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Topic: What cause gas pressure?  (Read 53006 times)

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Offline Winga

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What cause gas pressure?
« on: August 04, 2004, 03:05:26 AM »
Is it the repulsion force between gas molecules?

Offline gregpawin

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Re:What cause gas pressure?
« Reply #1 on: August 04, 2004, 05:07:00 AM »
Presure is merely force over a defined area.  Gas pressure is just the collective force of gas molecules running into a container wall.  Since gas molecules have such small masses, these gas molecules are moving at very fast speeds.

The reason why these things do bounce off the walls and one another is because molecules and atoms have clouds of electrons around them that repel each other, positive repels positive and negative repels negative.  So these things didn't have these repulsive electrostatic forces, they'd just run right through each other.  So you're right.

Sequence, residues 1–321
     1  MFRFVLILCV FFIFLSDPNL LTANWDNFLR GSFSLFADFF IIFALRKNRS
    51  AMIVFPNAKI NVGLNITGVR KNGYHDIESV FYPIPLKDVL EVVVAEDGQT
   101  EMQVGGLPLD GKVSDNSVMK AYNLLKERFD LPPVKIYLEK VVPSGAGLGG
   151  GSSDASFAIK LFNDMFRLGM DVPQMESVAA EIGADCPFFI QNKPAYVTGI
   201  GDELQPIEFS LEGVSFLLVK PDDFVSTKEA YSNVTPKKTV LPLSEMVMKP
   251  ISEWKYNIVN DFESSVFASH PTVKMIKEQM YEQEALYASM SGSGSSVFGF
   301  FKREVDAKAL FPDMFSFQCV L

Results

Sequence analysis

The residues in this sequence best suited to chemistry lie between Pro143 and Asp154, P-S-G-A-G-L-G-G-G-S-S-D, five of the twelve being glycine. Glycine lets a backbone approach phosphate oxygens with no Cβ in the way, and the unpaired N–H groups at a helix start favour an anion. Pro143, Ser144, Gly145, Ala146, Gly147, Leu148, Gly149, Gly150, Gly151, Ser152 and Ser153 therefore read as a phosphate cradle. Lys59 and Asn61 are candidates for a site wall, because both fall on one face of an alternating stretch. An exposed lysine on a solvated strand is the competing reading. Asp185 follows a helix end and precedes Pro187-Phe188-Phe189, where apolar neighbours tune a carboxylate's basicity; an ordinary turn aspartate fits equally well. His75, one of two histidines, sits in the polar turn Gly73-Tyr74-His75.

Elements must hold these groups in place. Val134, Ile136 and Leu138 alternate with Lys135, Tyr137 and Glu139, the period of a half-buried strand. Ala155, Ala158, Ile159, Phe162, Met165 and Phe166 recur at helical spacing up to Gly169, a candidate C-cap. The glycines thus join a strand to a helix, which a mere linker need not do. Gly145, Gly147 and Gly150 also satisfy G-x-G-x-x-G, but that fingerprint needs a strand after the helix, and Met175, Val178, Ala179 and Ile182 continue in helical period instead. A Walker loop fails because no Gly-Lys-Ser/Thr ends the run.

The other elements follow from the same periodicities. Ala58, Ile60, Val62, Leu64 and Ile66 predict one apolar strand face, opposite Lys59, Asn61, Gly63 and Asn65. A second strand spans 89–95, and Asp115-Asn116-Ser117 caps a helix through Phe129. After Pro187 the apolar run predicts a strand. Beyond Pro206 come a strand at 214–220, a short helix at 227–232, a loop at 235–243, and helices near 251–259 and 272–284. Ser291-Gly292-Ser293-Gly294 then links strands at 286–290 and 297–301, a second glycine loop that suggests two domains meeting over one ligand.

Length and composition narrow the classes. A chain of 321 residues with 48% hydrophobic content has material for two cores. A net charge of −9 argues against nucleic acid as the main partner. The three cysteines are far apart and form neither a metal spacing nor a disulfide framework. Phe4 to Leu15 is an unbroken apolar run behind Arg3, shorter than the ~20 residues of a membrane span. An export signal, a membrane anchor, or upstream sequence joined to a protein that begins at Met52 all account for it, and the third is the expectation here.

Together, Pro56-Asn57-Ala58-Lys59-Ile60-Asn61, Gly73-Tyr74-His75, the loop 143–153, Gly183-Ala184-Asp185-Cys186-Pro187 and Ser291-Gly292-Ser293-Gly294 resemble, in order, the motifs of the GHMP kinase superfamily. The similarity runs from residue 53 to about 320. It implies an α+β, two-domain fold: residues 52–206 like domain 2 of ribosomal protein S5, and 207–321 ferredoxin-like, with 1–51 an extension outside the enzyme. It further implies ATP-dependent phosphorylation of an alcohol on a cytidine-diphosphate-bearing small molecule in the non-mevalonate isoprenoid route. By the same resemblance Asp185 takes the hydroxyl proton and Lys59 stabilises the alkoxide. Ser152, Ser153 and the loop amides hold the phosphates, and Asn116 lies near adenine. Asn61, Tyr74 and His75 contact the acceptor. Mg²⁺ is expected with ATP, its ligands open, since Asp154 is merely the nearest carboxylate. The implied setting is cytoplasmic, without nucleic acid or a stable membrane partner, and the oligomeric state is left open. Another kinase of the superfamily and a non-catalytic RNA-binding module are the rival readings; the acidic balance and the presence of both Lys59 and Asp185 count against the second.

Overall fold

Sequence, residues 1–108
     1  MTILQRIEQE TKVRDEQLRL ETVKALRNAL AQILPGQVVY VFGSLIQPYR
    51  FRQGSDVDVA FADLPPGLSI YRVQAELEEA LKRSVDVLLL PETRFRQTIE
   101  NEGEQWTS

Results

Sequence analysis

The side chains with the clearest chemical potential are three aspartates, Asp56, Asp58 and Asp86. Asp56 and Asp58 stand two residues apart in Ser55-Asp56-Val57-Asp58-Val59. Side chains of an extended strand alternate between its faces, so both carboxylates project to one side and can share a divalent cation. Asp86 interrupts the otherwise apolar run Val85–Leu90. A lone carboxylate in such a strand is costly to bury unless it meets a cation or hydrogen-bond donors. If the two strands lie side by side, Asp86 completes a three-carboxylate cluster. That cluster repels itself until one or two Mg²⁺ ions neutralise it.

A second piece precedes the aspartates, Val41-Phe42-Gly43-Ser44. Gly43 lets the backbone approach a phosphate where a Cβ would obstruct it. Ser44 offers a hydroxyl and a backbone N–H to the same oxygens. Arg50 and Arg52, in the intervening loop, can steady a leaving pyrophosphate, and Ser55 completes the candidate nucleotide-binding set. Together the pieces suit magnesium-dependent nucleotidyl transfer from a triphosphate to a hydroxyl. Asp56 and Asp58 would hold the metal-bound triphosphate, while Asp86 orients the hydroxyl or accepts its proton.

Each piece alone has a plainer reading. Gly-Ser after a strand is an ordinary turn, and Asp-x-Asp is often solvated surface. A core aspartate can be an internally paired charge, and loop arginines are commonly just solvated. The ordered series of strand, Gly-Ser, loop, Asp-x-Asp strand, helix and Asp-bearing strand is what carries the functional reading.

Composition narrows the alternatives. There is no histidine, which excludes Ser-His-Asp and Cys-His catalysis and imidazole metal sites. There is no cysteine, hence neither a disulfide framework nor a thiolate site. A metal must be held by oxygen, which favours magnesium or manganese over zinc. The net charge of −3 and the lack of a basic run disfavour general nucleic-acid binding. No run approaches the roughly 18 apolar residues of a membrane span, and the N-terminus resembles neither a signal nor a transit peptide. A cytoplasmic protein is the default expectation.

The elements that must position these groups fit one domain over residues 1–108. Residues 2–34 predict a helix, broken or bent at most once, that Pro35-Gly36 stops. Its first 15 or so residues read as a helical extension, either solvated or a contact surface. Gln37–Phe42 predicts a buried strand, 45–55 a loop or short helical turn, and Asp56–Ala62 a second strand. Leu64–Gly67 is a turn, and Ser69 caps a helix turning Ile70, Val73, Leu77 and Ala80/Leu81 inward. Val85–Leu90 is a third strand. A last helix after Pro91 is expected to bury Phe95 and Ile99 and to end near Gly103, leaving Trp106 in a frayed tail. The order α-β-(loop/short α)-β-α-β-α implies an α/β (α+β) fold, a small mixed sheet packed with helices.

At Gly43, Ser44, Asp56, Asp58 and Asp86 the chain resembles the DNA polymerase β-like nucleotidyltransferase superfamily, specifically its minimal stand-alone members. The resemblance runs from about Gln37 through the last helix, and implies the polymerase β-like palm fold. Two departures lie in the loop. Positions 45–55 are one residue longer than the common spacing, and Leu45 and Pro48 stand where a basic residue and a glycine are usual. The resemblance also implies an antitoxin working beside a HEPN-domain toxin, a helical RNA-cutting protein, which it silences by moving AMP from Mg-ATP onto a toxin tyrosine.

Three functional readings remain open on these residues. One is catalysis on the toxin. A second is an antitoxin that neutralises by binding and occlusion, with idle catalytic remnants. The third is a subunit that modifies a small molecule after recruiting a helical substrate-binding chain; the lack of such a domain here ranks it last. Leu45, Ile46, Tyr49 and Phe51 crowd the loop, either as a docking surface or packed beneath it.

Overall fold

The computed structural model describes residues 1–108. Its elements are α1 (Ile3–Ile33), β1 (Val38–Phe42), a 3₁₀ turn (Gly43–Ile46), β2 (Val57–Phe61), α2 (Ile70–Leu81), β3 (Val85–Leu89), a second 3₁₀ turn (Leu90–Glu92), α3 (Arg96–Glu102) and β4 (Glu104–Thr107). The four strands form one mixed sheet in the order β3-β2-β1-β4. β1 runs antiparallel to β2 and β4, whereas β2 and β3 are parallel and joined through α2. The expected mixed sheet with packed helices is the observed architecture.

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Offline Winga

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Re:What cause gas pressure?
« Reply #2 on: August 04, 2004, 06:51:12 AM »
One more thing, pressure increases as temperature increases (keep volume as constant).
So, how temperature affects the electron clouds of the molecules?

Offline jdurg

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Re:What cause gas pressure?
« Reply #3 on: August 04, 2004, 04:29:48 PM »
As temperature increase, the motion of the atoms increases as well.  (Hence when you are boiling water, the heat causes the water molecules to move around faster and faster until they have so much energy from the heat that they become a gas).  The higher energy/movement of the molecules is also what causes density to decrease as temperature increases.  In the case of the gas, the gas molecules are moving around at a faster rate and with more energy, so the force they exert on each other and the walls of the container increases as well.